OTT or over the top streaming is delivery of video over the open Internet to multiple devices. Traditional IPTV uses managed IP networks to deliver DVB signals to Set Top Boxes. The main technical difference is that OTT uses HTTP/TCP which is easy to configure through firewalls and NATs.
Different technologies for OTT
Currently there are five different solutions for OTT:
There is also an initiative for a real standard protocol called MPEG Dash.
In this document we will focus on the HLS ecosystem, but the philosophy will be applicable to the other solutions.
Video On Demand for OTT
Video on Demand content has been available for OTT for a long time and each video file is segmented into a number of smaller files typically 10 seconds duration. When starting the VOD session the client downloads a playlist file containing URLs to all media files. This gives the client full access to the entire program. This is important for subtitles since the client will know the duration of the movie and thus have a timeline available. If a subtitle file is available it will have a S.O.M of 0 and run until the duration of the movie. A common subtitle file format for VOD OTT is the SRT. Below is an example of a SRT file.
1 00:02:17,440 –> 00:02:20,375
Senator, we’re making
our final approach into Coruscant.
2 00:02:20,476 –> 00:02:22,501
Very good, Lieutenant.
Publishing a VOD OTT movie including subtitles the resulting HTML can look like this:
<video controls=”controls” width=”320″ height=”176″>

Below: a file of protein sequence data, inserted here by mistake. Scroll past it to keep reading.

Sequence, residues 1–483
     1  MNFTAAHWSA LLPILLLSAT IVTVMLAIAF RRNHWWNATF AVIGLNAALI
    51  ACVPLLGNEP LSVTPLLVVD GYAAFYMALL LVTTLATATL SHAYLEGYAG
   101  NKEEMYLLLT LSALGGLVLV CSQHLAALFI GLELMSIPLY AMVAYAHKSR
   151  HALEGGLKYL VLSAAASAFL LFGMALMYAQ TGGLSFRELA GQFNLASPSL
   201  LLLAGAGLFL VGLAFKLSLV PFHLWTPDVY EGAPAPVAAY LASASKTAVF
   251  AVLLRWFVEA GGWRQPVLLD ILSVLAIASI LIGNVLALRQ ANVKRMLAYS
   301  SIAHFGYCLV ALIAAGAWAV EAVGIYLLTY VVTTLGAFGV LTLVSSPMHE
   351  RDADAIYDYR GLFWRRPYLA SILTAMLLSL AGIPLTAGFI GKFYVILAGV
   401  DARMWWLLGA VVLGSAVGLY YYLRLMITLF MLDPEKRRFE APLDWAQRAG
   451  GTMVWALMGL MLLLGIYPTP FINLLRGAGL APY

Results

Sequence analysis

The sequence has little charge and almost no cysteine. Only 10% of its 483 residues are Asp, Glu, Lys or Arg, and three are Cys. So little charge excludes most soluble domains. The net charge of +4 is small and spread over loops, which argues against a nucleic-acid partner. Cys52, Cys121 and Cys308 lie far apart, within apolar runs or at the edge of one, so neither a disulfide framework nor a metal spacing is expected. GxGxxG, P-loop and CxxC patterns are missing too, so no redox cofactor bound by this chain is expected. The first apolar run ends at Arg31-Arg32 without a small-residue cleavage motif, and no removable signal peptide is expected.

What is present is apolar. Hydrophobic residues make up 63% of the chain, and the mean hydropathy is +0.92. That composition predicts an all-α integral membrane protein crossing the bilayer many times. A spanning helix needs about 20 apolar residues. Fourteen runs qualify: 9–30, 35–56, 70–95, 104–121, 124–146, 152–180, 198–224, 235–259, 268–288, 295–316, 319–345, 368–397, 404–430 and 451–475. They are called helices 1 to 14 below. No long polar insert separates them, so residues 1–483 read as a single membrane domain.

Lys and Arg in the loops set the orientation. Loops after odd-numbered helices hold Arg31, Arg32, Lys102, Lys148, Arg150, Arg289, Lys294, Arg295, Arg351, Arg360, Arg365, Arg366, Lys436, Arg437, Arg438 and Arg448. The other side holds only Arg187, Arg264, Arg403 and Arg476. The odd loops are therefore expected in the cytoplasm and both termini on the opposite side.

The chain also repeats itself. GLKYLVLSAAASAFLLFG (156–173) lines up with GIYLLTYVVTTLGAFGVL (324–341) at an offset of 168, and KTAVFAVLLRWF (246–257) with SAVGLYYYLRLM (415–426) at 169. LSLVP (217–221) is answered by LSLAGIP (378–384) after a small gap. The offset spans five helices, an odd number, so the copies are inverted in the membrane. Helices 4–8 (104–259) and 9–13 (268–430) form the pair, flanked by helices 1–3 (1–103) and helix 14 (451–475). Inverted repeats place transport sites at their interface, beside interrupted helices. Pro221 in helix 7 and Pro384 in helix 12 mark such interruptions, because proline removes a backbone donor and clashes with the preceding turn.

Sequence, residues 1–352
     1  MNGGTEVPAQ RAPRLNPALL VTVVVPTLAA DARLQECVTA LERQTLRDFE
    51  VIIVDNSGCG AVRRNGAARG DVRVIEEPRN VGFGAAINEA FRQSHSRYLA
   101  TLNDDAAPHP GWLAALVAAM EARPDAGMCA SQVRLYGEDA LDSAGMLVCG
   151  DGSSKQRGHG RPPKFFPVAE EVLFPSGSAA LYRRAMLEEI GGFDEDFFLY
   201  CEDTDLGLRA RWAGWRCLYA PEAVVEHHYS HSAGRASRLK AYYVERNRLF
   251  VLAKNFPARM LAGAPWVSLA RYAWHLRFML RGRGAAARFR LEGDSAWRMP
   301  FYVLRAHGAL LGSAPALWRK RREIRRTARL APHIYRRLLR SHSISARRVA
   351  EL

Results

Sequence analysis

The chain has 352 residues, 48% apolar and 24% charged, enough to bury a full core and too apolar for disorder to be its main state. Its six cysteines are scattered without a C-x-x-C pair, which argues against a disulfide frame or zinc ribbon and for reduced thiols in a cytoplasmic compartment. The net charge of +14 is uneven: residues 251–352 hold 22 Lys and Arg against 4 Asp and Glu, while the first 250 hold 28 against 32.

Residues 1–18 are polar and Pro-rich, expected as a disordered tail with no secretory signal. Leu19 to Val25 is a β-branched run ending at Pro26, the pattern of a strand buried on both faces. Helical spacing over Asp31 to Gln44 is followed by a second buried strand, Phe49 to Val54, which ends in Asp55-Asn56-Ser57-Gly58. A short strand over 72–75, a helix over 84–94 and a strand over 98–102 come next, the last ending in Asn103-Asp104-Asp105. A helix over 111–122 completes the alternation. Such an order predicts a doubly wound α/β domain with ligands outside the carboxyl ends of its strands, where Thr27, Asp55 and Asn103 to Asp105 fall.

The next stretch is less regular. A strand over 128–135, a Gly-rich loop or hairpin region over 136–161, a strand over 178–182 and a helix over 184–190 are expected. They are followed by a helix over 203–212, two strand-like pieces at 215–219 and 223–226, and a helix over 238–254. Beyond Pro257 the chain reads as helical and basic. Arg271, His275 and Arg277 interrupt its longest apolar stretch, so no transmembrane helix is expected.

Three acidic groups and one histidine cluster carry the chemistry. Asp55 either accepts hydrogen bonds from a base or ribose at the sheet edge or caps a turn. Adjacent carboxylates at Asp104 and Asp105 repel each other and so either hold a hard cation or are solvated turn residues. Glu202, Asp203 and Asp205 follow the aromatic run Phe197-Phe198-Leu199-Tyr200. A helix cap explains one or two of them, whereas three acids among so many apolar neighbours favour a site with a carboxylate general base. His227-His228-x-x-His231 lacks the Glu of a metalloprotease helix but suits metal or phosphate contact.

<source src=”jellies.mp4″ type=”video/mp4″ /><!– WebKit –>
<source src=”jellies.ogg” type=”video/ogg” /><!– Firefox / Opera –>
<track src=”jellies.srt” kind=”subtitle” srclang=”en-US” label=”English” />
Your browser does not support HTML5 video. </video>
The video content can be different depending of the Browser or platform, in this case .mp4 and .ogg. A “track tag” is added to indicate the URL to the subtitle file and the client will overlay the subtitle track on the video content.
Our customers that provide OTT services for VOD can write an export script in SAM that extracts the subtitles files and converts them into SRT or equivalent (e.g. Web VTT). This is already implemented at several customers, e.g. HBO Asia and Canal+ France. Often they do this without our involvement since all the tools for doing this is available in current products.
In order to improve the workflow management of OTT VOD publishing we plan to integrate a Web Service interface into SAM so that external VOD systems can extract files via an API. This will be demanded by Canal+ France in a short future.
Live OTT is similar to VOD in the segmentation of files, but with the main big difference that the playlist file only contains a few entries and is dynamically changed to add the new media files. So when a client joins a Live OTT broadcast it will receive a playlist containing the most current media files, maybe 1-3 files. All files typically have duration of 10 seconds and the playlist file is continuously updating and removing entries.